of the planets, which can move the dust cloud
position in the Earth’s orbit. Scafetta [37] has
proposed that the climate can also be directly
influenced by the magnetic field oscillations
caused by the perturbations of the planets. AHR
resonance, collective synchronization and
feedback mechanisms could amplify the eects
of a weak external periodic forcing. In the same
way that galactic cosmic rays (GCR) cause
ionization in the atmosphere, dust particles can
do the same phenomenon. In this respect, the
cosmic ray model and the cosmic dust model
have a common meeting point but the original
reasons are different: The Sun activity changes
and planetary periodical motions as illustrated in
Fig. 6.
Fig. 5. A schematic picture of the circumsolar dust cloud reproduced by the author according
to the presentation of the numerical simulations [40]
Fig. 6. The influence mechanisms of TSI changes and Astronomic Harmonic Resonances
Ollila; PSIJ, 15(2): 1-14, 2017; Article no.PSIJ.34187
Ollila [24] has analyzed that using the graphical
data of Ermakov et al. [38]
and the GH gas
warming effects, the correlation between the
combined model (AHR, TSI and GH gases) and
the real temperature data is very good with the
coefficient of correlation r
being 0.957 from 1880
to 2015. The calculated correlation in this case is
not based on the quantified warming effects of
AHR and TSI. The major objective of this paper
is to assess the quantified effects AHR and TSI
changes on the global temperature starting from
the LIA. The periodicities caused by Jupiter and
Saturn can be found in the calculated speed
variations of the Sun around the Solar System
Barycenter (SSB). The author has used the
Horizon’s application of NASA [42] in depicting
the graphs in Fig. 7.
In Fig. 7 is also depicted the variations of the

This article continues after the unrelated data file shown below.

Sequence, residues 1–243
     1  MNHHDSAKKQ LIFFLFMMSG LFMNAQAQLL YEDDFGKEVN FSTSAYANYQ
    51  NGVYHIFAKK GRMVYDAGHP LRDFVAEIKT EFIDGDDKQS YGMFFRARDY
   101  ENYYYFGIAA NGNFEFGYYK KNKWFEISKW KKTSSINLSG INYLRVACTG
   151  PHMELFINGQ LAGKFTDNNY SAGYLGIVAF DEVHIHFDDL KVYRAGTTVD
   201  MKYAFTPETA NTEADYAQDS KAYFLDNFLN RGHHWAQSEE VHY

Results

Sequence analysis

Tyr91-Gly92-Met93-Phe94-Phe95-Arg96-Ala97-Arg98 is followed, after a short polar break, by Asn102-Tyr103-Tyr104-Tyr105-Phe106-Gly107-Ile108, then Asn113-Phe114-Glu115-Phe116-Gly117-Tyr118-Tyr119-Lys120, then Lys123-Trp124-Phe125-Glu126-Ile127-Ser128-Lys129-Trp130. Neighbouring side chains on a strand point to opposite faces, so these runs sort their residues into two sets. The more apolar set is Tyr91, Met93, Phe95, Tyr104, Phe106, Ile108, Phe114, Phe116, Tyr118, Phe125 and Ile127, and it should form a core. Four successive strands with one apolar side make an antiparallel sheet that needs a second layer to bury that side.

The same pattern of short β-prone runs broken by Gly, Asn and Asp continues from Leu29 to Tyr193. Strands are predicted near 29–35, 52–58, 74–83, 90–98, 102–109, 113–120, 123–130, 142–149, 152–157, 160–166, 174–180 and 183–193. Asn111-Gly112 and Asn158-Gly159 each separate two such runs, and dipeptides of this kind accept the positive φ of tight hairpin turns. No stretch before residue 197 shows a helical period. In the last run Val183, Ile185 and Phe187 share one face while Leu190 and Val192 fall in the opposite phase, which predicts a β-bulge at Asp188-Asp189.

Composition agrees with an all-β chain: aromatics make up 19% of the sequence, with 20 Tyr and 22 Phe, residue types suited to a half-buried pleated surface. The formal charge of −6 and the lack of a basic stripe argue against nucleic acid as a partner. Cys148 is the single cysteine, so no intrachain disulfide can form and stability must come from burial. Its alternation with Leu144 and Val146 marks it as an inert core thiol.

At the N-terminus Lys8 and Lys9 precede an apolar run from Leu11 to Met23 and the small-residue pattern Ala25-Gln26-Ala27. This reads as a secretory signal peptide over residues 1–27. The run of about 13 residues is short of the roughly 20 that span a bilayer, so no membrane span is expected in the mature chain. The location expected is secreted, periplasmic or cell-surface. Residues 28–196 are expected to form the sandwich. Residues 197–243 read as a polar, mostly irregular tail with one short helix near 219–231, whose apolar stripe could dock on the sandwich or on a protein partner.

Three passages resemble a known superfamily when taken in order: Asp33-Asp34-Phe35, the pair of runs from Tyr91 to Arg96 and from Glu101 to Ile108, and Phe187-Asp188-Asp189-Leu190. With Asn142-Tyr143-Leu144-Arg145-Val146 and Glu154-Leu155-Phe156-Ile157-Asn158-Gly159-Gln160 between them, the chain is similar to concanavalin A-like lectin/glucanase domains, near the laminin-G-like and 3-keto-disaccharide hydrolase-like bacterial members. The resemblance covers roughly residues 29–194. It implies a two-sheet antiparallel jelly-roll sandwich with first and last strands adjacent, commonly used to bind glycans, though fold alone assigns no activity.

maximum speed values (blue line) of the 20
years’ cycles. This graphical line is 11 years
running average. It should be noticed that the
speed variations are not fully symmetric around
the average speed and thus the temperature
effects are also asymmetric. The 60-year’s cycle
can be easily detected. These temperature
effects of the AHR changes are based on the
speed changes of the Sun. The magnitude of the
AHR effect is calculated on the empirical basis.
The change from 1941 peak temperature
+0.185°C to the minimum temperature -0.15°C in
1962 is used to estimate the AHR impact:
dT = -6.43125 + 418.75 * SS (7)
Where dT (°C) is the temperature change and
SS is the Sun speed (kms
Because the TSI variations and the AHR
variations finally happen through the cloudiness
changes, these effects cannot be summarized
directly. The average cloudiness-% according to
ISCCP [35] is about 66% and the average cloud
layer is from 1.6 km to 4.0 km [43]. When the low
activity of the Sun has increased cloudiness to its
maximum value, the cloudiness growth by
nucleation process increase cannot increase the
cloudiness anymore. It means that 1) the
humidity in the atmosphere is not adequate to
increase the cloudiness area over the drier areas
of the globe even though the nucleation process
has increased or 2) the AHR actually changes
the thickness and the mass of the existing clouds
but these changes do not change the area of the
clouds. When the Sun’s activity is in maximum,
the cloudiness changes by AHR can have a full
effect, because in these conditions the nucleation